Surprisingly, there are ways to make this experience worse. So if you're trying to make your trip through airport security as smooth as possible, here's what not to do:

When a jury is asked to deliberate after hearing the evidence at a trial, they are instructed to apply the facts to the law in order to reach their decision. Judges actually provide juries with written instructions on the legal claims, which usually provide step-by-step explanations on how to apply the case facts to the law. However, on rare occasion, a jury will disregard the law, disregard the instructions, and reach a decision that is at odds with the evidence.

When a jury refuses to convict despite the evidence clearly showing a defendant's guilt, it is called jury nullification. Significantly, when a criminal jury acquits a criminal defendant, double jeopardy attaches and the prosecution cannot appeal or retry the case.

Accidents happen to the best of us. But some accidents are more dangerous than others, and some accidents can carry criminal charges and penalties. So it is with accidental shootings.

Accidental or negligent discharge of a firearm can be a criminal offense, depending on state laws. Criminal charges are most likely to apply when a person is acting recklessly while handling a gun. Here's a look at a few state statutes on accidental shootings and the criminal penalties involved.

In Virginia, a class action case is heating up as the Department of Justice has decided to enter the fight. The gist of the case is that in Virginia, if a driver fails to pay court costs or fines, they may have their driver's license suspended without consideration of whether the failure to pay was intentional or a result of poverty. To date, nearly 1 million Virginia drivers have had their licenses suspended as a result of unpaid court costs and fines. The lawsuit alleges that the law unfairly punishes the poor.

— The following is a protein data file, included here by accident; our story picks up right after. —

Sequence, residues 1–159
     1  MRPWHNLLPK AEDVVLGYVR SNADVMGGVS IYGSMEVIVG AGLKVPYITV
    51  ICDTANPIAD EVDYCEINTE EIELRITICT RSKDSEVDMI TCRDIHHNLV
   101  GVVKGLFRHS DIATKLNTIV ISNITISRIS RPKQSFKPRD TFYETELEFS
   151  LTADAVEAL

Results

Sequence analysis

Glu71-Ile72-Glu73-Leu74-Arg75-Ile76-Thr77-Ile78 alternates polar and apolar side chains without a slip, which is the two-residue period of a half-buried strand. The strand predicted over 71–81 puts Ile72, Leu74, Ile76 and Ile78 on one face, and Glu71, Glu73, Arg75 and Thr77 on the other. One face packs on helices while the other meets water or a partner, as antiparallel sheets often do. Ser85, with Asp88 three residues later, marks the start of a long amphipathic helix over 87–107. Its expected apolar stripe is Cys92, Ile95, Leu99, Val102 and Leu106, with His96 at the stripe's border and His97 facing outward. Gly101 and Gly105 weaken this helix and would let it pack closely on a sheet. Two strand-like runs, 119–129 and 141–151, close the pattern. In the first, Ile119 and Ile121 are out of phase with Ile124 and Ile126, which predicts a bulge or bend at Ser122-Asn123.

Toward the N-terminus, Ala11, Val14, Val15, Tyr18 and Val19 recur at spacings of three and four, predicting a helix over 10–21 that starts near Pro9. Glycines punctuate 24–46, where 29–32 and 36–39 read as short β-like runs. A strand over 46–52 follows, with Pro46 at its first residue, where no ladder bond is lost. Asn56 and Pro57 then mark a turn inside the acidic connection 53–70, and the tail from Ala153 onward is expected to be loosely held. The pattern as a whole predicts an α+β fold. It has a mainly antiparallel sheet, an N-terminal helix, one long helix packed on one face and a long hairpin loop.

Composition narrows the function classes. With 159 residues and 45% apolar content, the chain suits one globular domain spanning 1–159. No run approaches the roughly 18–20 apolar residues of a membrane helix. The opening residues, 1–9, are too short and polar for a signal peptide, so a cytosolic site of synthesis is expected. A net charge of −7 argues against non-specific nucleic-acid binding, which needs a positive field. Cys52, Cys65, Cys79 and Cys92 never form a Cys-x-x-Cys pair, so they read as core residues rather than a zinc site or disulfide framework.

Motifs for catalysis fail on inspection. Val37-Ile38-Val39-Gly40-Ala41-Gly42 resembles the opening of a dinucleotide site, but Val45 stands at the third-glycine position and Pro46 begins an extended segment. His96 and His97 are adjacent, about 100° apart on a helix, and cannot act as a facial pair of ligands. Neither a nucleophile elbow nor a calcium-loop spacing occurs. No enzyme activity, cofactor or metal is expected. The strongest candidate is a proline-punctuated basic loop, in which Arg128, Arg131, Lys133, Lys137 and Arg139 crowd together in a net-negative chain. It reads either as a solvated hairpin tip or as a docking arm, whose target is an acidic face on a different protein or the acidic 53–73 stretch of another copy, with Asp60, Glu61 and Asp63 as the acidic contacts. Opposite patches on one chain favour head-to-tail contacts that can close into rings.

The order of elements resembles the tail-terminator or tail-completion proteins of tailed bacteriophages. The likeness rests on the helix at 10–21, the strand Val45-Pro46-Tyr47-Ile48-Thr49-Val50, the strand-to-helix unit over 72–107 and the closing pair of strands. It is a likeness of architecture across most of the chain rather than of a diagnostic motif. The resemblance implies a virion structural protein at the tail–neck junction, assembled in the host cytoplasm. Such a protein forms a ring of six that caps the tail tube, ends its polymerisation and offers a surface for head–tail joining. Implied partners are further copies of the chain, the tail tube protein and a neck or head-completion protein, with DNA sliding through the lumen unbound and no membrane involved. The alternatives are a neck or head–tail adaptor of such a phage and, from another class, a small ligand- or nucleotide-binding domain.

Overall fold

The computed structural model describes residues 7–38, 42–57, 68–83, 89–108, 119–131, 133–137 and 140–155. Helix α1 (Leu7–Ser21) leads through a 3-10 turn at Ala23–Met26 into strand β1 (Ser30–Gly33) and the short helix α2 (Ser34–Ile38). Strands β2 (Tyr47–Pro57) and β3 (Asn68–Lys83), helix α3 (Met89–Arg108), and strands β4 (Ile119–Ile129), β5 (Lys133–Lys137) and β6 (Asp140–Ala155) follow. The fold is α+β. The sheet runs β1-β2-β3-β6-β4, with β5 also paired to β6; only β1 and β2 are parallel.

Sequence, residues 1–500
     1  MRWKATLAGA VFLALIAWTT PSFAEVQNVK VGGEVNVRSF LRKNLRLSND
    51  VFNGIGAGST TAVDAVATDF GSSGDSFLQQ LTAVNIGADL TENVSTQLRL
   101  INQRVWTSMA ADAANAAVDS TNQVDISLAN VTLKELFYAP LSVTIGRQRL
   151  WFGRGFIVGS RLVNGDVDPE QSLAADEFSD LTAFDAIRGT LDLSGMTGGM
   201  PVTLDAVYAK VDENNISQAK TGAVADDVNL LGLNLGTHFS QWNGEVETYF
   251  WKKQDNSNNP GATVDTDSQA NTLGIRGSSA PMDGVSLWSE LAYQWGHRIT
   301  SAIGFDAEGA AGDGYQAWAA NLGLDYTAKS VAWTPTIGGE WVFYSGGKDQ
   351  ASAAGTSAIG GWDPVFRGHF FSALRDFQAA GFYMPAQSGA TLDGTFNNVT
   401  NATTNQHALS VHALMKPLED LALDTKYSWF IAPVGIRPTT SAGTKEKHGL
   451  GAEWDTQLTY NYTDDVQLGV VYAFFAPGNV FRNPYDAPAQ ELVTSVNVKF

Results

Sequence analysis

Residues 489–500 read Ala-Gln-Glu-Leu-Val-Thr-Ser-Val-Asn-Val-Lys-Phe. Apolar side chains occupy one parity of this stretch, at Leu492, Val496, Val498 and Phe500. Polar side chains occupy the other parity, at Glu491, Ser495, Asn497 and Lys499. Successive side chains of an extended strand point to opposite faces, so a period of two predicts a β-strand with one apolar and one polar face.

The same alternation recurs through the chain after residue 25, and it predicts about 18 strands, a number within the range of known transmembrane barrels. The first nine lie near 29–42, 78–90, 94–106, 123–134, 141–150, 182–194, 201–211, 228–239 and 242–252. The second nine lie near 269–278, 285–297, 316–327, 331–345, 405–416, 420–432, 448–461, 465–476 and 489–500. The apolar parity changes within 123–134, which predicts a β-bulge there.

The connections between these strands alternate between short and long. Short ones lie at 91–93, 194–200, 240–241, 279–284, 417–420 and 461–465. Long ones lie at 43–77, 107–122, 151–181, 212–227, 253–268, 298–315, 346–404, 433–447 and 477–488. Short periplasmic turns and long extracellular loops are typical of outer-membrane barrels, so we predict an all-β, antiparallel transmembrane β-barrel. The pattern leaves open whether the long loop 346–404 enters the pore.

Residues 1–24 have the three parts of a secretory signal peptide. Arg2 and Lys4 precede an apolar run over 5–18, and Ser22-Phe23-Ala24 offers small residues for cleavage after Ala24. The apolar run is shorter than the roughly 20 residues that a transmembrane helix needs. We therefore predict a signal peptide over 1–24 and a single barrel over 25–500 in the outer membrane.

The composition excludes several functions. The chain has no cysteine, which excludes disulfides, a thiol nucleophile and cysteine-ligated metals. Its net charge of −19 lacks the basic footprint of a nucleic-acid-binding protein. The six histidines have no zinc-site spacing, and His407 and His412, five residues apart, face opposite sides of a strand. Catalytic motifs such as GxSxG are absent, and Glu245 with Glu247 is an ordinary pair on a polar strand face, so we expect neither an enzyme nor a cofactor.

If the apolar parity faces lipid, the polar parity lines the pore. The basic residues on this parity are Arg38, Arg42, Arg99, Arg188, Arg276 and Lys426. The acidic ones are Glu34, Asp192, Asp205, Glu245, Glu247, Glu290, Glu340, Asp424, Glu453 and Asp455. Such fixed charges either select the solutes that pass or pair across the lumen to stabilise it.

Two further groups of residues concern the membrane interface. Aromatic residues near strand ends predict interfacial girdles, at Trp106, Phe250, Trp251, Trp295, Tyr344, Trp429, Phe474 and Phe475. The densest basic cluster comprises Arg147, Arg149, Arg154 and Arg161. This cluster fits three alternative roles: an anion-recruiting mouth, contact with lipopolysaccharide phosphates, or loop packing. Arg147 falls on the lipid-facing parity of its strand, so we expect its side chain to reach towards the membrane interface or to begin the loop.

Although suspending someone's driving privileges seems to be a rather minor punishment in the grand scheme of things, it can actually have disastrous effects. Ironically, the law makes it more difficult to get to work to pay the fines that resulted in the license suspension in the first place. As the DOJ explains, this sort of punishment can create an inescapable cycle of poverty.

Everybody enjoys a good party. However, what some people consider a good party is what police consider arresting fish in a barrel. While there are some legal drugs, such as alcohol, prescription medications, vitamins and supplements, and, of course, marijuana in some states, there are countless illegal drugs that can get you arrested if you are caught using or possessing them at a party. It is important to note that the legal drugs can also get you arrested if you are overly intoxicated in public, selling/distributing them, if they look like real drugs, or while driving home.

There's no specific list of drugs that are considered party drugs. "Party drug" is a term that generally refers to any drug that has an effect that a partygoer would consider good for a party, such as extra energy, increased/altered sensory perception, and/or mood/mind altering effects. The term became popularized in the mainstream when illegal raves started gaining widespread popularity. Sometimes party drugs are as simple as vitamins or herbal supplements, however, frequently the term is used to refer to illegal or more powerful substances.